During the height of the pandemic, patios turned into a lifeline for some Vancouver bars and restaurants, helping keep those businesses financially afloat.
Now the City of Vancouver must decide if expanded patio spaces should become a permanent fixture on private properties.
In 2020, a temporary allowance for patios on private properties was granted but that amendment is set to end on March 31.
Hundreds of these types of patios were permitted in Vancouver.
Ian Tostenson, president and CEO of the B.C. Restaurant and Foodservice Association, told Global News these patios could help businesses that are still struggling to rebound from the pandemic
“You probably pick up 30 to 40 per cent increased sales because of when you have a patio as opposed to when you don’t have a patio,” Tostenson said.
“When it’s a nice day and you don’t have a patio, you’ll see many restaurants aren’t that busy. Patios are critical.”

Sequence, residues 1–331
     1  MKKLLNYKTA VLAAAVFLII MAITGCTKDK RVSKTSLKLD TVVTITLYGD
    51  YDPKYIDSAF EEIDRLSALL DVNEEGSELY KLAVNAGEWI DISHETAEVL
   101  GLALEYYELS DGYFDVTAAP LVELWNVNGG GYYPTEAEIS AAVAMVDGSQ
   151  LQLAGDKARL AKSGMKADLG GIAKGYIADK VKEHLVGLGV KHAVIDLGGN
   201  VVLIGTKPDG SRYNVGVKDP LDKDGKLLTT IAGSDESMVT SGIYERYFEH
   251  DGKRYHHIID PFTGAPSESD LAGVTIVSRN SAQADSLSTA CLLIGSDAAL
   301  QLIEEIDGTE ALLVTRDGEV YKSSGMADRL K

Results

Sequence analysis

Tostenson said patios are more than just a moneymaker for businesses; they also add an element to Vancouver’s quality of life and sense of community.
“It’s not just a benefit for the owner, but it adds to the attractiveness of Vancouver for tourists and helps the culture of the city,” he said.
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Kelly Gordon, a Romer’s Burger Bar part-owner, said the extra pandemic patio space helped grow the bar’s customer base and subsequently the bottom line at its three locations.
“Patios (were) the difference between being profitable and unprofitable,” Gordon told Global News.
“The impacts from the patios were dramatic. During the summer, patios earned us about $250,000 in sales (in each location).”
The burger joint was able to add around 140 seats across its three locations, which Gordon said boosted profitability by around $800,000 for the year.
A public hearing will be held in February before a decision is made by the city.